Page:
I argue that depicting Africans as incapable and destitute ultimately neglects their true nature as human beings. Though it is true that poverty exists in some corners of Africa (and this should not be ignored), a vibrant, energized environment can be witnessed in many others. There are thousands of entrepreneurs like Senegalese entrepreneur, Magatte Wade, who are establishing creative solutions and finding new markets for business and trade.

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In this week’s commentary I argue that “Do They Even Know It’s Christmas?” is the worst Christmas song of all time.

Kanye agrees.Kanye Bono Christmas

Dr. Kent Brantly

Dr. Kent Brantly

I once read a fascinating book about the leper colony on Molokai. The Molokai lepers were literally cast out of society, sent as far away as possible, with almost no support systems.  There was no health care for them, no houses beyond rudimentary shelter, no way to readily obtain clothing, school books for children…it was a frightful and frightening situation. A brave and gentle priest, Fr. Damien de Veuster from Belgium, accepted the assignment to go to Molokai and serve the 600 lepers there.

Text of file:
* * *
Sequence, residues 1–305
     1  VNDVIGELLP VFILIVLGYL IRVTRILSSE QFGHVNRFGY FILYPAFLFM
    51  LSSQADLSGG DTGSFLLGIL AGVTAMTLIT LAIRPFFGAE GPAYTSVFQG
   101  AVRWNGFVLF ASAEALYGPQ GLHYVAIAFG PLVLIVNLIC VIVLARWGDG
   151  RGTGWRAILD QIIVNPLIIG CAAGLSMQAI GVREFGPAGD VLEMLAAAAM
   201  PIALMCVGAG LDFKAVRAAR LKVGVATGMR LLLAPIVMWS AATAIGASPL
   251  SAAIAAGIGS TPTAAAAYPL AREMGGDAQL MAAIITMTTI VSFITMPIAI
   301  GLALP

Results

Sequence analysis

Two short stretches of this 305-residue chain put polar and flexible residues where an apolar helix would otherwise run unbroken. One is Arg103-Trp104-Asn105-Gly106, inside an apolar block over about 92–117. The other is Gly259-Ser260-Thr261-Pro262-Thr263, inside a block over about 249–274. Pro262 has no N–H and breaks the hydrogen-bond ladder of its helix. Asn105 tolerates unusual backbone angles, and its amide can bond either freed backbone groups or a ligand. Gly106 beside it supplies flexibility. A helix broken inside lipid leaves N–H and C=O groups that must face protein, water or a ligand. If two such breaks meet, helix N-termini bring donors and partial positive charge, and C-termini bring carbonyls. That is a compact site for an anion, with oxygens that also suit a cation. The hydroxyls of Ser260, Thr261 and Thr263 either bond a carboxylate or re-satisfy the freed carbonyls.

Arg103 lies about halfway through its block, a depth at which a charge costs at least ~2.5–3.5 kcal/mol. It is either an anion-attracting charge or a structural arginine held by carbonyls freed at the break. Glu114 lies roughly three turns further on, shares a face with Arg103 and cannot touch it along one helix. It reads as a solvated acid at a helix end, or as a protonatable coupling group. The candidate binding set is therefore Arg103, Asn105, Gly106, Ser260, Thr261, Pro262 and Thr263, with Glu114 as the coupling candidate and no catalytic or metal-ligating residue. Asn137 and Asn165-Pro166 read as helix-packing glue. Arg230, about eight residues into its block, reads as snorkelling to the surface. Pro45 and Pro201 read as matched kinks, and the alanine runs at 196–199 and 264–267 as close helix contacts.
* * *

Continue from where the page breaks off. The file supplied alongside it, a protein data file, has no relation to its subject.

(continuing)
He arrived to chaos. Those suffering from leprosy were living in a lawless society. They fought over food, areas of land – it was survival of the fittest. In the 16 years that Damien lived on Molokai, he built a church, helped the people build houses that truly were homes, constructed needed buildings and roadways in the mountainous region, taught farming to the residents, and provided education. His greatest gift, however, was spiritual. (more…)